Biography as commentary

I suppose it should come as no surprise that biographers use their subjects lives and work as a forum for their own opinions. Some biographers accomplish this in subtle ways while others are more obvious. I don’t mean to imply this is a bad thing either, as biographies that refuse to judge or criticize are often quite boring and a little opinion often spices things up.

I bring this up because I am currently reading Jane Smiley’s Penguin Lives volume on Charles Dickens. In this short but readable work Smiley – herself a novelist – has a lot of interesting things to say about Dickens and his work. She also sprinkles more general commentary on novels and novelists throughout her discussion of Dickens. It give one a strong sense of how she approaches literature, writing, and novelists. It provides an interesting sort of commentary within the biogrpahy and analysis; bonus tidbits of accumulated wisdon and opinion from a fellow writer.

Anyway, here are a few examples I have found so far:

– “Every novelist seeks, both consciously and unconsciously, to extend his range of expression.”

– “At the same time, there is never as much money to be made in art, no matter how popular, as there is in manufacture or speculation. The machinery of composition never powers itself, but instead draws more and more deeply upon the inventiveness and the astuteness of the artist.”

– “His medium, the novel, enhanced his freedom, since the novel can never work except through freedom – the author is free to write, and the reader is free to read.”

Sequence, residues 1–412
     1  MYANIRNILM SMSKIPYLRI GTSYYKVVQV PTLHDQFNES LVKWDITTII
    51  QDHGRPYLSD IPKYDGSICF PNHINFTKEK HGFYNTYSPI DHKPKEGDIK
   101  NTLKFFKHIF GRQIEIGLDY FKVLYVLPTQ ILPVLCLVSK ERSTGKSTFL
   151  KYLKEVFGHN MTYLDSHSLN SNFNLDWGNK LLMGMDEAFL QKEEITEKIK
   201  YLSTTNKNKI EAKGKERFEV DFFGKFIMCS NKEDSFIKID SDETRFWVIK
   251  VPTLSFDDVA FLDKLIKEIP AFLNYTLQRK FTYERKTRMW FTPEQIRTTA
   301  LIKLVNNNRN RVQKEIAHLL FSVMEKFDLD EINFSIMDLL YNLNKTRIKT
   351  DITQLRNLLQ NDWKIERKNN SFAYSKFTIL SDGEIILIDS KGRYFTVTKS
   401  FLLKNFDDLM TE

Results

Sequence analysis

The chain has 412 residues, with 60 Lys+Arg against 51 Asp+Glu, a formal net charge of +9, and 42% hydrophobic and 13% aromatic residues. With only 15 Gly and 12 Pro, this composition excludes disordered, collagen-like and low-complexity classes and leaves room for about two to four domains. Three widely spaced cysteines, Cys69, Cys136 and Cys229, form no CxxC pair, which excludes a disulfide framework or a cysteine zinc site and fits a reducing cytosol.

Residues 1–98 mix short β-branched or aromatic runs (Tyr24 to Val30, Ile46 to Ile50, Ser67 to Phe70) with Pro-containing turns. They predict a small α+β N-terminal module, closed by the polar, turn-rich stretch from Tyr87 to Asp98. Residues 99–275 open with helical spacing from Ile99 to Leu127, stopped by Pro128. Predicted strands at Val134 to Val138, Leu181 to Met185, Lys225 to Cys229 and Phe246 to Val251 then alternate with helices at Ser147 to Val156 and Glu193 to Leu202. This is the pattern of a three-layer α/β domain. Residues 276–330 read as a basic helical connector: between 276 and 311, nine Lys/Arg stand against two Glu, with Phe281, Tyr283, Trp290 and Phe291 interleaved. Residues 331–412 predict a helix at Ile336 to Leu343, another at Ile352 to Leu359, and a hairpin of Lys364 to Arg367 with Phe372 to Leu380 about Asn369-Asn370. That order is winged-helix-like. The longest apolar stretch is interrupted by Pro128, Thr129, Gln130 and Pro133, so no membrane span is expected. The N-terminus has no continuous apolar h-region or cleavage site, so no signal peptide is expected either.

– “It is not uncommon, though, for a novelist to lose part of his audience as he grows more ambitious. The willingness, and maybe even the ability, of the audience to follow a favorite writer into work of greater complexity and more somber vision isn’t always immediate, and every author whose sole income is from his writing has to reckon with this dilemma.”

– “He was, in fact, coming up with a unified social vision, something that marks the maturation of ever serious novelist, since the novel is first and foremost about how individuals fit, or don’t fit, into their social worlds.”

– “The novel, like any other artistic form, makes an inherent philosophical assertion – that the mental life of the individual is worth anatomizing and that the disruptions that exist among individuals and between individuals and groups are understandable and soluble through individual transformation and action.”

– “A great novel is, as much as anything else, an exercise of sustained stylistic felicity . . .”

Kevin Holtsberry
I work in communications and public affairs. I try to squeeze in as much reading as I can while still spending time with my wife and two kids (and cheering on the Pittsburgh Steelers and Michigan Wolverines during football season).

1 Comment

  1. Actually, Kevin, I would say that at times it is a bad thing. Right now I’m reading Gore Vidal’s “Inventing a Nation” which markets itself as a biography of Washington, Adams and Jefferson. In fact, it’s a quasi-biography of those three as well as Hamilton, Franklin, Jay, Madison, Monroe, Morris, et al. That said, perhaps the toughest part of reading the book is separating the biographical information from the running op-ed on current conservative politics that Vidal offers in parallel.

    Fortunately it’s less than 200 pages.

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